Sprinkler System 101

Sprinkler System Basics from Lee Engineering – Dallas, Fort Worth

Despite the recent erratic temperature fluctuations, Dallas area homeowners are beginning to plan for warmer weather. Before planting new landscaping this spring, it is wise to perform a check-up on your irrigation. Use the following information as a guideline to prep your irrigation system for summer’s increase in water demands.

Types of Sprinkler Heads

There are many variations of sprinkler head designs. Depending on your specific needs, your irrigation system may have a combination of the following sprinkler heads:

  • Fixed spray heads
  • Rotary spray heads
  • Pop-up sprinkler heads
  • Multiple stream spray heads


Fixed Sprinkler Spray Head

This type of nozzle produces a tight, constant fan of water. Fixed sprinkler heads can be stationary or pop-up and are typically used for smaller lawns, shrubs, and near ground cover.

rotating sprinkler head repair

Rotating Irrigation Head

Rotary heads generally have one powerful stream of water that rotates in a full or partial circle to irrigate the surrounding turf. These spray nozzles are commonly found in medium to large yards and are often used on side lawns. Most rotary heads are also pop-up heads.

pop up sprinkler head

Pop-up Sprinkler Head

Nowadays, most sprinkler systems are designed with pop-up heads that retract at the end of the watering cycle. Even so, spray heads are commonly damaged by lawnmower blades or other landscaping tools. These easily concealed heads provide a low, even distribution of water for all size lawns and gardens.

Multiple Stream Sprinkler Head

This spray head is similar to the old-school sprinklers that many of us(in the South) played in during our childhood on scorching hot summer days. The only difference is multiple stream sprinkler heads aren’t portable. Instead of hooking up to the water hose, these rotating sprays connect to underground irrigation pipes.

You may notice these types of sprinkler heads on sloping or uneven landscapes. Our Licensed Irrigators usually recommend replacing multiple stream heads with a more efficient, pressure-regulating head to reduce irrigation water waste.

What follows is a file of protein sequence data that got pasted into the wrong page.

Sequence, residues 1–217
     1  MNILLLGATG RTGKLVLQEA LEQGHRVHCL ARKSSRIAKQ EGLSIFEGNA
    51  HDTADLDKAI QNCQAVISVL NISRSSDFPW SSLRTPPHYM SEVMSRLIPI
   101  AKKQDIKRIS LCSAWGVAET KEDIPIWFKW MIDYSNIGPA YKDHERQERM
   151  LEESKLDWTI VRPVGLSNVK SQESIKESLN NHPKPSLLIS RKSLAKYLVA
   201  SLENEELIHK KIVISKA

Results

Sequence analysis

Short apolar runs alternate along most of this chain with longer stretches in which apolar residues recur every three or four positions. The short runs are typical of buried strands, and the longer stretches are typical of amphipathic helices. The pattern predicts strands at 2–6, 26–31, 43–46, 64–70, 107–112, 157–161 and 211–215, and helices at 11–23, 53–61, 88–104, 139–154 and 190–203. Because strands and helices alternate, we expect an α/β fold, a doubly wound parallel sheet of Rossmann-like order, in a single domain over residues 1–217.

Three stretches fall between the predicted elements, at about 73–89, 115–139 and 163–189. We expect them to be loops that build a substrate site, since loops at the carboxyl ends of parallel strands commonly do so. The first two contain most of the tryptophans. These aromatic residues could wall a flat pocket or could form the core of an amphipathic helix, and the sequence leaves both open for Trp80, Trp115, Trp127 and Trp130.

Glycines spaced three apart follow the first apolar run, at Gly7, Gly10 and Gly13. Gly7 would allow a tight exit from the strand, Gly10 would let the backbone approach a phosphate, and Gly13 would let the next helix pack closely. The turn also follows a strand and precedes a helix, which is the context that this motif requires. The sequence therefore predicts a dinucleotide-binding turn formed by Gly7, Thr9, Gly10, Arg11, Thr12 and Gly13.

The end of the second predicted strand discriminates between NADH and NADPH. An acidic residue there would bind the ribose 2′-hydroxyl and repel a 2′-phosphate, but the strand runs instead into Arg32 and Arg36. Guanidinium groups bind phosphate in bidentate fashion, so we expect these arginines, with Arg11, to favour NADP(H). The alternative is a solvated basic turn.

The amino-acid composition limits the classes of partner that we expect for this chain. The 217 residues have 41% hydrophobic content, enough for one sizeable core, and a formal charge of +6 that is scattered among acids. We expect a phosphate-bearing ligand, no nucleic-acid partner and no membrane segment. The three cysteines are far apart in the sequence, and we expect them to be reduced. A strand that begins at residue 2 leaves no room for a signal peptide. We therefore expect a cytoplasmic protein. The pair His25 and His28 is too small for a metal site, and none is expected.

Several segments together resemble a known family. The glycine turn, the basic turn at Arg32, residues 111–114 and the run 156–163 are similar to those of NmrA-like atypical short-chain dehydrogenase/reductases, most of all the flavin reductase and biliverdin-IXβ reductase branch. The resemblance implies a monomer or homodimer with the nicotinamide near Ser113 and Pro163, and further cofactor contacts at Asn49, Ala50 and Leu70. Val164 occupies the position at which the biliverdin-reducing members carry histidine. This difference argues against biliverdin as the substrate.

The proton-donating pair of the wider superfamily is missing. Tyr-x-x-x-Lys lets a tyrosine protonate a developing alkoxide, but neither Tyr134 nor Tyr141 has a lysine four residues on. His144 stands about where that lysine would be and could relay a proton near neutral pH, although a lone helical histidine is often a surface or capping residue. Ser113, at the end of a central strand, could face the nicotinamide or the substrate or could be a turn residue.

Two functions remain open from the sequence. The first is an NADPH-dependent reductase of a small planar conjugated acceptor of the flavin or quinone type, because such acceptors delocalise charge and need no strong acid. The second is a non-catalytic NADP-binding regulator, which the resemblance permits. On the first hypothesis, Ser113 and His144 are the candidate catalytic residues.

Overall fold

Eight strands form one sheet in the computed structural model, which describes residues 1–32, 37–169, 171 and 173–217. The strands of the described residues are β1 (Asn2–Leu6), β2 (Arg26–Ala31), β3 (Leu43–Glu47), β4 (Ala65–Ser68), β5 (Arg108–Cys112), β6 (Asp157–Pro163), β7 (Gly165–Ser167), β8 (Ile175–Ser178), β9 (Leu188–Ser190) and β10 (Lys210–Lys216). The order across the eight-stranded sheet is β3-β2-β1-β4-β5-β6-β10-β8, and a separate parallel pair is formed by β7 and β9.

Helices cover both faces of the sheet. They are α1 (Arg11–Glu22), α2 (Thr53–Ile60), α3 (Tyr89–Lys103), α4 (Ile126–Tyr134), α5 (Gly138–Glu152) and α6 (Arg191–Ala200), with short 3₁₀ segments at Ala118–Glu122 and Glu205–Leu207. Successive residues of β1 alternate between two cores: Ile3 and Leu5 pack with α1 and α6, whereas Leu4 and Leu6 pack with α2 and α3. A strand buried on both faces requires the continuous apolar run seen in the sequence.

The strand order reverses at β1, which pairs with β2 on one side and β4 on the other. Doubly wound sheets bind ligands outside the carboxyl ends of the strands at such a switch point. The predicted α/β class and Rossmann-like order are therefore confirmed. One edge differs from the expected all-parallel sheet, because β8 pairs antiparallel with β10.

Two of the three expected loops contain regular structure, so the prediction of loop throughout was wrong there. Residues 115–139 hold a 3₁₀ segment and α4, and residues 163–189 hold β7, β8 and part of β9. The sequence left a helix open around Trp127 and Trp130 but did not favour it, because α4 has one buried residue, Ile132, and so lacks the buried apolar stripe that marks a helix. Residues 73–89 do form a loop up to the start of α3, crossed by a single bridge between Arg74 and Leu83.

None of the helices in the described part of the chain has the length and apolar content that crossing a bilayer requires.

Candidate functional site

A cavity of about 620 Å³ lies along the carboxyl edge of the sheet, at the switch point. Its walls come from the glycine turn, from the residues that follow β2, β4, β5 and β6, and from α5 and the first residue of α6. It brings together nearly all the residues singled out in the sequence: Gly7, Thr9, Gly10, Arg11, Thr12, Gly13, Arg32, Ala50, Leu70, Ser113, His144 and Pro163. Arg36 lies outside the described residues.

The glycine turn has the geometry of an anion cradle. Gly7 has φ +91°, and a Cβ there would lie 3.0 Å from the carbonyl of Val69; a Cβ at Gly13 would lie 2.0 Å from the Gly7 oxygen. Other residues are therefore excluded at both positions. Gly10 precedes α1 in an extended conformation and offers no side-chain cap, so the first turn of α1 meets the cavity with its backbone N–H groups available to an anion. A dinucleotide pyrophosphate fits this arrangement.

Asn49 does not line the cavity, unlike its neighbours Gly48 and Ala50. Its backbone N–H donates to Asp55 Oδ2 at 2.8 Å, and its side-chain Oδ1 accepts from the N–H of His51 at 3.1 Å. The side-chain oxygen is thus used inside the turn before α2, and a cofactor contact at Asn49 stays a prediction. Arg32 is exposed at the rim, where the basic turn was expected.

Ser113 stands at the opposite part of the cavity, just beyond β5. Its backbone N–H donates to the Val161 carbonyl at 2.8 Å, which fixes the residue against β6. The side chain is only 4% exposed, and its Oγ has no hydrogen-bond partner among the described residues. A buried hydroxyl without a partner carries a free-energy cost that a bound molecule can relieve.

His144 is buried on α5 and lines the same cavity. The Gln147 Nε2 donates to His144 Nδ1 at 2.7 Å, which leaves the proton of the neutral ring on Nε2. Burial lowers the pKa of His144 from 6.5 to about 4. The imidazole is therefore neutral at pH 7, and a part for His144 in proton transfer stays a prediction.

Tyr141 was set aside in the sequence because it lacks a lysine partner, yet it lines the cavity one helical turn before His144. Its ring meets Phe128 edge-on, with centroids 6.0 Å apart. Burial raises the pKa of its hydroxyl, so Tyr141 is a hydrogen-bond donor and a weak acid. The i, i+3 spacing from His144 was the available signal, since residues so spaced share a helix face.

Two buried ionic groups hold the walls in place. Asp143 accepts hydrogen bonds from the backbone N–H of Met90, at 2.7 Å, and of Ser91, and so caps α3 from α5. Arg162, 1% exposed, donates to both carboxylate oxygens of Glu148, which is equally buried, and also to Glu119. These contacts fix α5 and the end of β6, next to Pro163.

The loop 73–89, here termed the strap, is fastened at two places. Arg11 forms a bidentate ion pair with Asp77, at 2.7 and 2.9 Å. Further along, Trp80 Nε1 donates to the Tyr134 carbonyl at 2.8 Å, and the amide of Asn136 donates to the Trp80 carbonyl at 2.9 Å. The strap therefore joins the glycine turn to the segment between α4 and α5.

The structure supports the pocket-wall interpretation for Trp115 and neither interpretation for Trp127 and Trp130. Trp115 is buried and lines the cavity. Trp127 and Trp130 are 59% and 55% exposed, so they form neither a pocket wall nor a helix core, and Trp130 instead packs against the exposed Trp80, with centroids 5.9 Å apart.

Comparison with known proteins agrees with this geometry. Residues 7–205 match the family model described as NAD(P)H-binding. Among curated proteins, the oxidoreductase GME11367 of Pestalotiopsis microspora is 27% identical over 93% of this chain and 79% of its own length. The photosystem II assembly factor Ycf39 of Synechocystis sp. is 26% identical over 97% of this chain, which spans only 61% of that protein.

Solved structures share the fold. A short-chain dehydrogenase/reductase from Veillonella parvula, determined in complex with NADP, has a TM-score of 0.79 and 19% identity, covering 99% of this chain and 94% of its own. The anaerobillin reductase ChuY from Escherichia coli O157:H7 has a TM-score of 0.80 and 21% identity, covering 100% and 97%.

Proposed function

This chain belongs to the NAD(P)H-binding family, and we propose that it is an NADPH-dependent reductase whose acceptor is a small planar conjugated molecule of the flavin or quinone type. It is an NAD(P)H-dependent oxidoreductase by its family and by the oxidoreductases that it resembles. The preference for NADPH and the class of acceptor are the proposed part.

Broken Sprinkler Heads

Before running your sprinkler system, perform a visual inspection for broken heads. Since most irrigation systems are scheduled to run in the wee morning hours, damaged sprinkler heads often go unnoticed. In fact, many homeowners aren’t aware of the issue until they get an outrageous water bill in the mail.

To replace damaged heads, simply unscrew the head(also called a stem) and bring it to your local hardware store for a replacement.

Misaligned Spray Patterns

Systematically run each zone, making note of obstructed and misaligned spray patterns. Prevent dry, dead patches in your landscaping by trimming back any shrubs that interfere with spray heads. Adjust spray heads to avoid excessive over-spray on sidewalks, driveways, and areas that are prone to rot(such as window seals).

Adjusting Your Sprinkler Heads

Depending on the manufacturer, you will need a couple of tools to adjust the direction of spray on your rotor heads. Here are a few helpful tutorial videos for common brands:

How to Adjust a Hunter Rotor Sprinkler Head

How to Adjust a Rain Bird  Rotating Sprinkler Head

Other Helpful Sprinkler Repair DIY Tutorials

Seasonal Watering Schedule

Unless you have a Wi-Fi enabled smart controller, you should be manually adjusting your watering schedule throughout the year. Follow the schedule below for best results.

seasonal water adjustments for sprinkler systems in north Texas

Traditional irrigation controllers require seasonal adjustments.

Consult with a Licensed Irrigator from Lee Engineering if you have questions or concerns about your irrigation system. Find out why we’ve been serving Dallas Ft. Worth and surrounding since 1971.

What is included in a Lee Engineering check-up?

• Inspection for leaks and broken/misaligned heads
• Cleaning and adjustment of clogged spray nozzles
• Evaluation of controller settings and seasonal adjustments
• Testing the rain/freeze sensor for proper function
• Efficiency evaluation of entire system (one per year)
• Recommendations for watering efficiencies
• Visual inspection of backflow preventer (if accessible) and instructions on proper operation

Complete the request form below to schedule your check-up.











Kristina GautreauxSprinkler System 101

Comments 1

  1. Mark Murphy

    I really appreciate your tip on how rotating heads are usually found in medium to large yards. My wife and I have been thinking of getting a new yard that is bigger so our dogs can run around outside. I will be sure to tell my wife that we should try and get rotating heads since our yard is so big!

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